The moon
is so beautiful
that the ocean
becomes a mirror
and we soak up
the blue light of it
until our skin is
moist with lust.
We whisper to each other,
like there's no tomorrow,
about all our instruments
of might and demise.
You ask if I would trade
and I say only if
I will love you the same.
The tide is lower now
but the water still
touches our toes
and it's a surprise every time.

Saturday, May 2, 2009

Some new things

what's good fellow bloggers/blog readers? I started a new blog, it's called, The Worst Picture Blog. Ever and it's just a bunch of pictures. But who doesn't like pictures, right? So, check it out.

Also, I'm doing work on another blog (soon to also be a website), and it's called REPUBLICBrooklyn. Check that out too for art, music, and party events.

Part 1 of the Short Film Script



ALICE, aged between ten and twelve, sits in front of a dead Christmas tree with ornaments falling off. You can see the legs and shoes of older people moving in front of her. She looks up toward the camera and it pans to a black and white television. A New Year’s Ball drops into the year 1979.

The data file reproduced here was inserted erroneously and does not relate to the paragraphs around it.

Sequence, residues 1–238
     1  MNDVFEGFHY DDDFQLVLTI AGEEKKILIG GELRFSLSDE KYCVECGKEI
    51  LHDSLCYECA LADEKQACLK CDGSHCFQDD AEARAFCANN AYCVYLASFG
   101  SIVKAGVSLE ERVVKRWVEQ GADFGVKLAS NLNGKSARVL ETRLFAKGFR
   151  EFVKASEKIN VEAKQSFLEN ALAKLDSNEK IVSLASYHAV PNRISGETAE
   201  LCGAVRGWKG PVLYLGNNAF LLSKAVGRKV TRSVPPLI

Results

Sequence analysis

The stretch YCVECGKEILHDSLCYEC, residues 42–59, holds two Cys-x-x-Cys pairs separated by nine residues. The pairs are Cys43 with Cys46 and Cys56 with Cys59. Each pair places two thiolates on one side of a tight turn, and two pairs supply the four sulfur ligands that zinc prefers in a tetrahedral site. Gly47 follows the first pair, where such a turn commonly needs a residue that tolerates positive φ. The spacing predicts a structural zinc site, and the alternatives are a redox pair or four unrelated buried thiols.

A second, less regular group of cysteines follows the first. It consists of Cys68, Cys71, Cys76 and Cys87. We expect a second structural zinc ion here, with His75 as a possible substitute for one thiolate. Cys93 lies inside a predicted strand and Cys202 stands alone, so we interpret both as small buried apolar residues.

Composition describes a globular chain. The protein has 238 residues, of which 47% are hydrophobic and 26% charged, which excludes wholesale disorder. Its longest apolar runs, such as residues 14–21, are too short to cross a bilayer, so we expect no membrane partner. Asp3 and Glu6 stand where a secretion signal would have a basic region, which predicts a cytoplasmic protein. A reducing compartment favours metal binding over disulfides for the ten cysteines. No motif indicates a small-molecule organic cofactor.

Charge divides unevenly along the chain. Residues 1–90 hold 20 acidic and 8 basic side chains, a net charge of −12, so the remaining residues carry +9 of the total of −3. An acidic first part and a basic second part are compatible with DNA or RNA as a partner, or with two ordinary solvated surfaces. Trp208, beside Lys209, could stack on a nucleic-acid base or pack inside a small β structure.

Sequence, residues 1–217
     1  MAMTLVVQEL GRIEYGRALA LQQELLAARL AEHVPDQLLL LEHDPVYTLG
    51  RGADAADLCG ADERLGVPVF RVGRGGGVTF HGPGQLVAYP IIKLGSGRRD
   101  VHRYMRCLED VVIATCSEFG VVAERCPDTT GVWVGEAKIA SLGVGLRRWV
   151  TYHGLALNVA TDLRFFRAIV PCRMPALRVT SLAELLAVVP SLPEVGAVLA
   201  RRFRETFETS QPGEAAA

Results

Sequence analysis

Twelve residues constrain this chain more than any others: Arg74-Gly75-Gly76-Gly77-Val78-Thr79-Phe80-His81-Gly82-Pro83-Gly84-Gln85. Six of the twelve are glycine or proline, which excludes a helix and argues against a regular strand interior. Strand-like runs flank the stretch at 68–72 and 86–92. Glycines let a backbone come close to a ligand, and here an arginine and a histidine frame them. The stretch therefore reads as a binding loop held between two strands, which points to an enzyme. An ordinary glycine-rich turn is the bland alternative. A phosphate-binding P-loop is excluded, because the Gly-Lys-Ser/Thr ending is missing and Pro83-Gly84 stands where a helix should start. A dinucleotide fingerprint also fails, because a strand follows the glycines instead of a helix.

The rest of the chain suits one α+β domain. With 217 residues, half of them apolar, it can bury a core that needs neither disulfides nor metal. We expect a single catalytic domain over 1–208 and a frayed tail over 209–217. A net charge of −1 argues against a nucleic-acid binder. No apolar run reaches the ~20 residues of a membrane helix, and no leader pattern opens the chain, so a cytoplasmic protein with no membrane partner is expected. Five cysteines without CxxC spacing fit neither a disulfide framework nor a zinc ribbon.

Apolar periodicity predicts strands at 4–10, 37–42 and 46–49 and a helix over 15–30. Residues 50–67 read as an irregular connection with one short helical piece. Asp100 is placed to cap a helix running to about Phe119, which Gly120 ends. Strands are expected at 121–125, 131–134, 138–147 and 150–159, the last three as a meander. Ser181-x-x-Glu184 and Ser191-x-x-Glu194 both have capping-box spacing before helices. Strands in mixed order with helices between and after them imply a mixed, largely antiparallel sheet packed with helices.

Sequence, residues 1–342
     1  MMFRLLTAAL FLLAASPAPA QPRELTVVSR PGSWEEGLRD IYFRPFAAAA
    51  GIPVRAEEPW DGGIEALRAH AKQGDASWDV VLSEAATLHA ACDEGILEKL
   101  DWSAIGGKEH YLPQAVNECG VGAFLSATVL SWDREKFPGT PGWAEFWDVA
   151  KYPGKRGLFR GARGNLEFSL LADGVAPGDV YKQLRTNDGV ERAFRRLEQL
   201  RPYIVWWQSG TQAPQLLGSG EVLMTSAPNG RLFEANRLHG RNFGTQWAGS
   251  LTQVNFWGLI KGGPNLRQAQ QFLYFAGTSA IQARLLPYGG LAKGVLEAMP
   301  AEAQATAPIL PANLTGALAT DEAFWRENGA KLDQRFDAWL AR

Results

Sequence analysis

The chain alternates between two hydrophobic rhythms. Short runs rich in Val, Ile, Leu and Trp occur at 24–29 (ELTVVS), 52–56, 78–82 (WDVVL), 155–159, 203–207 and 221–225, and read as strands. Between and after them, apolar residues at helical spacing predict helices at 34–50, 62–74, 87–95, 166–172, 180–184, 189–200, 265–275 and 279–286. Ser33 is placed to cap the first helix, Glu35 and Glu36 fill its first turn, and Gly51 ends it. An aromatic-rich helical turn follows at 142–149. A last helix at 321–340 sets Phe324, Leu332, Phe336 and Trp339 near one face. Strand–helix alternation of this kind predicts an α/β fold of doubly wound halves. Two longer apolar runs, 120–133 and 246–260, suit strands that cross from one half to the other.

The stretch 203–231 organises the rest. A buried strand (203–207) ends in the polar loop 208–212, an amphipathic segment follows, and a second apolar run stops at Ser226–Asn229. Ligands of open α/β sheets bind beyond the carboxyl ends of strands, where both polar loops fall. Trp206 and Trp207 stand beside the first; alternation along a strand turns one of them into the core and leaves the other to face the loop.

EVERYONE: Happy New Years!

Alice’s father, FRANK grabs her arm and pulls her up.

FRANK (slurring): I told you to go to bed hours ago.

ALICE: Mom said I could stay up until the ball dropped.

Frank drags her through the crowd and pushes her up the stairs.

FRANK: You think I fucking care what your mother says?

Alice looks to her mother who chugs from her beer and takes a joint from a guest.


Alice gets out of bed, goes to the window. She squints at the sun glinting off the snow. She shivers and is startled by bottle smashing against a wall down stairs.


Alice walks over half-passed out people scattered across the floor and into the kitchen. Frank’s back faces Alice. Her mother, KAREN, is backed in the corner.